As might be expected the semi-oiled walnut Prince of Wales game stock complete with rounded grip is excellent, the straight grain indicative of the high grade and inherent strength whilst a concealed buttplate and fine chequering allows an unimpeded mount when wearing traditional game shooting attire. Fit and finish is first rate as is the close chequering and drop-points that form just to the rear of the lockwork, a hallmark every maker applies to their higher grade guns.
Line and Length
Hooking the Jensan up to the Arrow Laser Shot was more a matter of ritual than trying to gain any practical or physical information. After just a couple of dry mounts it was already a given that the gun would shoot flat and that the dimensions were exactly how I like them. The Jensan weighed 7lbs 4oz and balanced directly beneath the knuckles which gave the gun a positive, reactive pivot point along its total length of 45 5/8”, the slightly heavier than normal mass adds to the Jensan’s quality and smoothness of handling. The view from the stock meant all I could see was the bead, exactly how a shotgun should be from my perspective.
Drops at comb and heel were 11 5/32” and 2 ¼” with a length of pull measuring 14 9/16”, my right hand settling comfortably around the semi-pistol grip, my index finger falling neatly on the crisp 6lbs break trigger-blade, the almost imperceptible palm – swell just large enough to settle the hand into the correct position whilst still promoting fluid handling. Fitting the two widest chokes, Cylinder in the bottom barrel, ¼ in the top, the first of two rounds of thirty clays awaited at the final evening of Bond & Bywaters’ evening shoots. Loading up with Eley CT Twenty 28 gram and Eley VIP 20 gauge 32 gram clay and game loads, the first physicality of the Jensan was instantly apparent in that you can hardly feel any recoil whatsoever, although the shattering clay targets told a different story.
Given the balance and weight distribution along with a willingness to swing that exceeded even my 20 bore experience, anyone who picks up the Jensan for the first time will have to slow their swing otherwise you’ll over lead nigh on every target, the gun effortless when it comes to a controlled swing of whatever speed even on opposing, simultaneous targets. Most 20 bores handle well but the Jensan is a revelation – it’s effortless – and as a walked up gun seeking out woodies, bunnies etc., it’s up there with the best. When I’m out and about alone I tend to carry my shotgun loaded but open, this 20 – bore ideally suited to the style. Snapping together in an instant, the Jensan whips instantaneous to the shoulder along with the correct sight picture. The end result is a gun/shooter combination that seemingly can’t miss. If you’ve never tried a 20 bore and at times wonder what’s so great about them, give the Jensan a go.
One point some will pick up is the fact that the safety doesn’t automatically apply itself when the gun is opened. Whilst some shooters insist upon an auto safety on a game gun, I don’t. My guns remain open until the moment I want to shoot. An auto catch option is available but I prefer it as is.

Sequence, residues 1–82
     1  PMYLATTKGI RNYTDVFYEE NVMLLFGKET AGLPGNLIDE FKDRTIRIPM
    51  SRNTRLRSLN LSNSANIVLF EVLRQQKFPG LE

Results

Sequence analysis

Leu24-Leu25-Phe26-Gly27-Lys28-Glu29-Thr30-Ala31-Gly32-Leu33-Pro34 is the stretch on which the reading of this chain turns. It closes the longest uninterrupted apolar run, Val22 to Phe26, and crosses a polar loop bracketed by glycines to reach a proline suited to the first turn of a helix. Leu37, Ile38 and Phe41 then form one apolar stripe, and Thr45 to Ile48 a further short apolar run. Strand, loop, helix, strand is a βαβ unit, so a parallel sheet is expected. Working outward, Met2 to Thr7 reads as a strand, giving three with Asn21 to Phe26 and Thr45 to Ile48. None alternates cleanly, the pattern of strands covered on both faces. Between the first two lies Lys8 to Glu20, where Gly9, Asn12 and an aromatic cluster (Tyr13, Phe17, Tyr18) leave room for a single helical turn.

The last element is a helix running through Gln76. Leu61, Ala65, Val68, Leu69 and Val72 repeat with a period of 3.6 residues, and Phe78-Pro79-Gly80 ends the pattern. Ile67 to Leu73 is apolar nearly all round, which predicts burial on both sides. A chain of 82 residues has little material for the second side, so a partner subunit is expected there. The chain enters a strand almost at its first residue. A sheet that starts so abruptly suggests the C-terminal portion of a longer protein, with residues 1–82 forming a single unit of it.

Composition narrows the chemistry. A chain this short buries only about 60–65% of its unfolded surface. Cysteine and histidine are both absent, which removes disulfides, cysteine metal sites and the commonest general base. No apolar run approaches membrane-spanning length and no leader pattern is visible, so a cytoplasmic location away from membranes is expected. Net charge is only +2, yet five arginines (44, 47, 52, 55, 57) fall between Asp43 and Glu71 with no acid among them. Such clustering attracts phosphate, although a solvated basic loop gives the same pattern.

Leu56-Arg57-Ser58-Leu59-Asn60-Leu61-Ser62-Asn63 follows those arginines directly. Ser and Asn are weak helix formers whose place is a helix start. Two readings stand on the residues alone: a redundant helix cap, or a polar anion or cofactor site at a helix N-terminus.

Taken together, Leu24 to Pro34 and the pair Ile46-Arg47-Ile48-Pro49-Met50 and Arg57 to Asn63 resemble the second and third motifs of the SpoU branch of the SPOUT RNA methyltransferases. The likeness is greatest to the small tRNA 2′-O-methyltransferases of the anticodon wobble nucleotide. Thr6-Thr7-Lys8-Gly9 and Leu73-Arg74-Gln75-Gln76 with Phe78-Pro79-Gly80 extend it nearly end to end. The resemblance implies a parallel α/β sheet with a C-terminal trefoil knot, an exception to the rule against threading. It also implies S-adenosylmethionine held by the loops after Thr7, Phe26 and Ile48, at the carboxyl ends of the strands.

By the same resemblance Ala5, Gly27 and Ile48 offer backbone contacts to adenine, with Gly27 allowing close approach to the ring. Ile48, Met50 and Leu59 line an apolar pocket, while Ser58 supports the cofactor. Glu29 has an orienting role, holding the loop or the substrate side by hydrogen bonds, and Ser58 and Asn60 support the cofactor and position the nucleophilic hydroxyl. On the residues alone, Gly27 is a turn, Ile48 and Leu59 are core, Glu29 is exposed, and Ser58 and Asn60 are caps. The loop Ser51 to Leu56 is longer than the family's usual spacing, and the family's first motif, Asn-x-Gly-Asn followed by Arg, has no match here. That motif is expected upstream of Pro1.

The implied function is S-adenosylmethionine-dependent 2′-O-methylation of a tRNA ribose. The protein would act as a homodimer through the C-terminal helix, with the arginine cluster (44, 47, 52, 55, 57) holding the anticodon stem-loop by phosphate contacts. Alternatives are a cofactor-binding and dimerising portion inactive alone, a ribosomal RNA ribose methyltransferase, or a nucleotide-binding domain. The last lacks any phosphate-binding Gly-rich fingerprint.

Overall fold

Just for You
Owning and shooting a nice game gun definitely adds to the day’s enjoyment. On a day’s driven shooting, there’s a certain degree of one upmanship where the shooters all take a sideways glance at the other shotguns within the group, hoping that theirs is one of the most desirable or that it’ll attract positive comments and allow for some bashful boasting. The beauty of the Jensan is that it falls neatly into the inverted snobbery category, as you Name Webley & Scott 3000 Jensan Calibre 20 – bore Barrels 28” Action Sidelock over – under Stock Walnut ‘Prince of Wales’ game Weight 7lb 4ozChokes Flush – fit Thin Wall multi Price £5,799 srpContact Highland Outdoors tel.01858 410683 www.highlandoutdoors.co.uk Thanks to: Eley; www.eleyhawk.com Bond & Bywaters; www.bondbywater.co.uk Arrow Laser Shot; www.arrowlasershot.comTECHNICAL SPECIFICATIONtake no end of pleasure in the fact that many of your day’s companions will have paid small fortunes for their shotguns and have ending up with something that can’t compare with your new Webley & Scott.
As it stands, the Jensan 20 bore will set you back £5,799 but the Italian or Spanish equivalents will cost at least three times this amount. Similarly, one of the new English makes finished to this standard will be up near the twenty thousand mark and I guarantee none of them will look or shoot any better. And whilst other’s prices go up, with the Webley & Scott they go down.
The Jensan is what Highland Outdoors refer to as a Special which means the slightly less ornate, colour casehardened version comes in at £4,599 although if you want to push the boat out, you can have both with extra barrel sets, an adjustable or different patterned stocks such as a straight grip and different forend, walnut upgrades, trigger options and one or two other options as part of the ‘Bespoke Program’ that allows you to tailor the gun to your own requirements. For myself I’d leave the Jensan exactly as is although I could be seriously tempted to mate it up with a 12 bore version.
Every now and again I encounter a new shotgun that I know for a fact will carve out a niche and reputation for itself and become a classic of its type, Webley & Scott’s new Series 3000 Jensan is most definitely one of them.